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Old 09-11-2019, 07:02 PM
Manda JO is online now
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Join Date: Jul 1999
Posts: 11,436
Quote:
Originally Posted by filmore View Post
No. I find that surprising.

Yes, I realize that. I don't know what to do about that. The risk is so much greater for women at this time.
Where? You seem to think that literally everywhere a woman goes is more dangerous for her than the most dangerous places in America are for a man. And woman after woman after woman has said that their experience with assault were NOT doing these things that "common sense" says are too dangerous.

Quote:
I have daughters. When we sent them to college, my wife and I had "the talk" with them about being safe and my wife told them basically all the typical stuff about watching their drinks, not walking in dark areas, being cautious when alone with a boy, etc. I can't imagine not discussing these things with them before they left. What would you have recommended we do in that situation?
I would not tell a daughter not to walk after dark. I think the evidence is pretty overwhelming that the boy she knows who offers to walk her home is a far greater risk to her safety than anyone skulking in the shadows. Assaults and muggings are rare on campuses. Sexual assault is overwhelmingly from someone the victim already knows.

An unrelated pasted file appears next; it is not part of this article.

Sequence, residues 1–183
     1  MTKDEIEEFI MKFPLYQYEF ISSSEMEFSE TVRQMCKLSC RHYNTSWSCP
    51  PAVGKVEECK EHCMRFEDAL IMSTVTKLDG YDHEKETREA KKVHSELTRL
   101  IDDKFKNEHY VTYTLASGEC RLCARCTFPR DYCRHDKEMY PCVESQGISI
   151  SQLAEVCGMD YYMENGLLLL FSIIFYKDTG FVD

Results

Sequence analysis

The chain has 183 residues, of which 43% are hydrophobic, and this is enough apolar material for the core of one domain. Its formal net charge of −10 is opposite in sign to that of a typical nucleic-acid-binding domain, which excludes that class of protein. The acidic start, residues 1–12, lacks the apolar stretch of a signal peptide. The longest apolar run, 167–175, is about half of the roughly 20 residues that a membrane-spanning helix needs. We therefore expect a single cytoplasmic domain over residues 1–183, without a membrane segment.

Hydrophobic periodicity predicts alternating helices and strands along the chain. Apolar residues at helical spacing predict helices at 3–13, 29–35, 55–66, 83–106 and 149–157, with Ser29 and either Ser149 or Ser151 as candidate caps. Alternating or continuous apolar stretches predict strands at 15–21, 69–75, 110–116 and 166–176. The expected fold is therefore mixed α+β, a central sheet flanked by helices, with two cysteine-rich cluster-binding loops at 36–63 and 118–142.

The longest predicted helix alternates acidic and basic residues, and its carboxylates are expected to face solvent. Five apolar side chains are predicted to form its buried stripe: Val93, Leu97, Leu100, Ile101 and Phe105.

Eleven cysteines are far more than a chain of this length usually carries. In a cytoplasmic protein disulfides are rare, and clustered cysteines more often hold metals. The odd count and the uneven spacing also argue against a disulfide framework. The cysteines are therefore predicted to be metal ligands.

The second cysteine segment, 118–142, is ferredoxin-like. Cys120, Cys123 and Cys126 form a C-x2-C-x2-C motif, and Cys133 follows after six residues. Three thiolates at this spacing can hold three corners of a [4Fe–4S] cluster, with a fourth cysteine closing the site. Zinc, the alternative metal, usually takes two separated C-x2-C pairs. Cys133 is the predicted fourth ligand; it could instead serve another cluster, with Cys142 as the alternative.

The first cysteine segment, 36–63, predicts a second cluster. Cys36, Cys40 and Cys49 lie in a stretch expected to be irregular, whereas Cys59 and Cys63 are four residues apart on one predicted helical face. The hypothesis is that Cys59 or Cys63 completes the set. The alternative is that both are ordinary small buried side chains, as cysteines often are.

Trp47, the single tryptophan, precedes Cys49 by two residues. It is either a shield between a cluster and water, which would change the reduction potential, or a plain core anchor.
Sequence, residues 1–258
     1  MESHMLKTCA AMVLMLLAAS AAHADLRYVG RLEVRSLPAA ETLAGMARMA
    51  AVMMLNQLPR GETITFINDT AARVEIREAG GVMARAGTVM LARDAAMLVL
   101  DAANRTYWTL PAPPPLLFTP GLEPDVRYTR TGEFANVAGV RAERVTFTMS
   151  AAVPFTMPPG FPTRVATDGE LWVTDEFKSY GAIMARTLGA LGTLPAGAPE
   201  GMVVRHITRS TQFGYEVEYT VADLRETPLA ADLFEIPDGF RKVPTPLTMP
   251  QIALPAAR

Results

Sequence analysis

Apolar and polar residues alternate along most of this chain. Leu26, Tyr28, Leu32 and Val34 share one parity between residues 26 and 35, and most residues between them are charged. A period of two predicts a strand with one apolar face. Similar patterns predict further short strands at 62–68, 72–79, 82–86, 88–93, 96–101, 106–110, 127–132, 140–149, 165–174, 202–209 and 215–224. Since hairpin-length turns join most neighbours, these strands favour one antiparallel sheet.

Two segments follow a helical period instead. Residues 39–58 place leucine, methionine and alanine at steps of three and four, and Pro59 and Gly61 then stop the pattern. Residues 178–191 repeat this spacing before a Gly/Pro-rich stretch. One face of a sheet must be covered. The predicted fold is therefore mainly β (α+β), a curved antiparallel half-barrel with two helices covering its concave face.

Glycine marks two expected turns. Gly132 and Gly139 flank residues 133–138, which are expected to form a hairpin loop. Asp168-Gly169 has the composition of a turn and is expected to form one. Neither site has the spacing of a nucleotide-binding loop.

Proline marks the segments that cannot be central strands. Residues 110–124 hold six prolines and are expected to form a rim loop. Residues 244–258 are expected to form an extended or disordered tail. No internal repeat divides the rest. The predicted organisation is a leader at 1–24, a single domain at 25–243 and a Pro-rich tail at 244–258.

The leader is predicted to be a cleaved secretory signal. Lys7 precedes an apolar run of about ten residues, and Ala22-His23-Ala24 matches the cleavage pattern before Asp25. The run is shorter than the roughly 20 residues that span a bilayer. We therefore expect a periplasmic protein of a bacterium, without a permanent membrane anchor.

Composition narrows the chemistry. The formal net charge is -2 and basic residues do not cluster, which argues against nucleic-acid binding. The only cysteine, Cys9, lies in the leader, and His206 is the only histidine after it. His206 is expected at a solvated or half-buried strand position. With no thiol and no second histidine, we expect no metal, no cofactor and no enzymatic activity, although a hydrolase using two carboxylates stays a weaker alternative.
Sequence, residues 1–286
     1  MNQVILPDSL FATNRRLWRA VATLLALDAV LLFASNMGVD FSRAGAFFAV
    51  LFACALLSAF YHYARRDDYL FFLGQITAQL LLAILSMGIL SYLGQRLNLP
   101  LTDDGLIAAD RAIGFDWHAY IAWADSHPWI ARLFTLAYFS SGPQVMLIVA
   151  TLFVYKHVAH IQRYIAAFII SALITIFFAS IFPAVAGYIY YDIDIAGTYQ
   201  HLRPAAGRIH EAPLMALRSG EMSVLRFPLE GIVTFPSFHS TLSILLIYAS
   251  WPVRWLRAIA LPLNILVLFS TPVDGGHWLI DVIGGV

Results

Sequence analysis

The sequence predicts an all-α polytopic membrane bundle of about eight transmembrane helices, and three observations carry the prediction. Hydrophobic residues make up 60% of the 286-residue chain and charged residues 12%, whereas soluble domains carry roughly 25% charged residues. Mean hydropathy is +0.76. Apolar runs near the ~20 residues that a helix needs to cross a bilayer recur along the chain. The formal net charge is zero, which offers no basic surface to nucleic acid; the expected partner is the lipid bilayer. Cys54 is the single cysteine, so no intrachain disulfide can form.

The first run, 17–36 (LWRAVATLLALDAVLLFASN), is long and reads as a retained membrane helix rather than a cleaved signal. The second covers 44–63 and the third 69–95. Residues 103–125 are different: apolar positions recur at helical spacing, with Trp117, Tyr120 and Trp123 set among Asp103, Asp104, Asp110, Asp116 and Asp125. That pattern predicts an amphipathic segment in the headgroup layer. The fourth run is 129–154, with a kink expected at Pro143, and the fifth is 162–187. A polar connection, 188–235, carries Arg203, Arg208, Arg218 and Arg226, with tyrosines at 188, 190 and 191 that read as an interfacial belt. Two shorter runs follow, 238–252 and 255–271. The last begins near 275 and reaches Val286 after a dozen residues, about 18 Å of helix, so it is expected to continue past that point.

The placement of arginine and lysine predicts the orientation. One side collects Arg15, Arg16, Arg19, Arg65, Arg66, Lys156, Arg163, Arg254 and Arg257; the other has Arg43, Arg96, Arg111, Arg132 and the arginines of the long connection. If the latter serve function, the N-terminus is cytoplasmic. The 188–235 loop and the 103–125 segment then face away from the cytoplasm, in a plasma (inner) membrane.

I would not tell a daughter to "be cautious when alone with a boy". I don't even know what that means, unless I am going to tell her to just never be alone with a boy--and that doesn't seem emotionally healthy. It's impossible to tell which of your friends and friends-of-friends are rapists and which ones are potentially the father of my grandchildren. I don't want her too scared to date, and I don't think anything short of literally never being alone with any boy, ever, will make her safer. If I tell her to "be cautious", she's not any safer, but she knows now that if anything does happen, she wasn't "safe enough".

I don't know what to think of the spiked drink issue. Because it's self-reported and hard to be sure what's really happening, I have no idea what the actual risks are. But I suppose a conversation about not taking drinks from strangers would be appropriate.

I would tell her not to drink more than 3-4 drinks when she's out, over the course of the evening. I would also tell a boy that, but I might emphasize it more with a girl. Drinking to the point where you can't react to what's going on around you is never safe.

Are your daughters now adults? If one of them said she was working late, would you tell her not to do that, if the parking lot will be dark? If one had to travel alone on business, would you tell her she should tell her boss that's not safe for her and someone else should go? If one of them was jogging in her sleepy suburb after dark, would you buy her a gym membership because it didn't feel safe to you? If one of them was moving and wanted to drive herself 6 or 8 hours away, would you insist she take someone with her?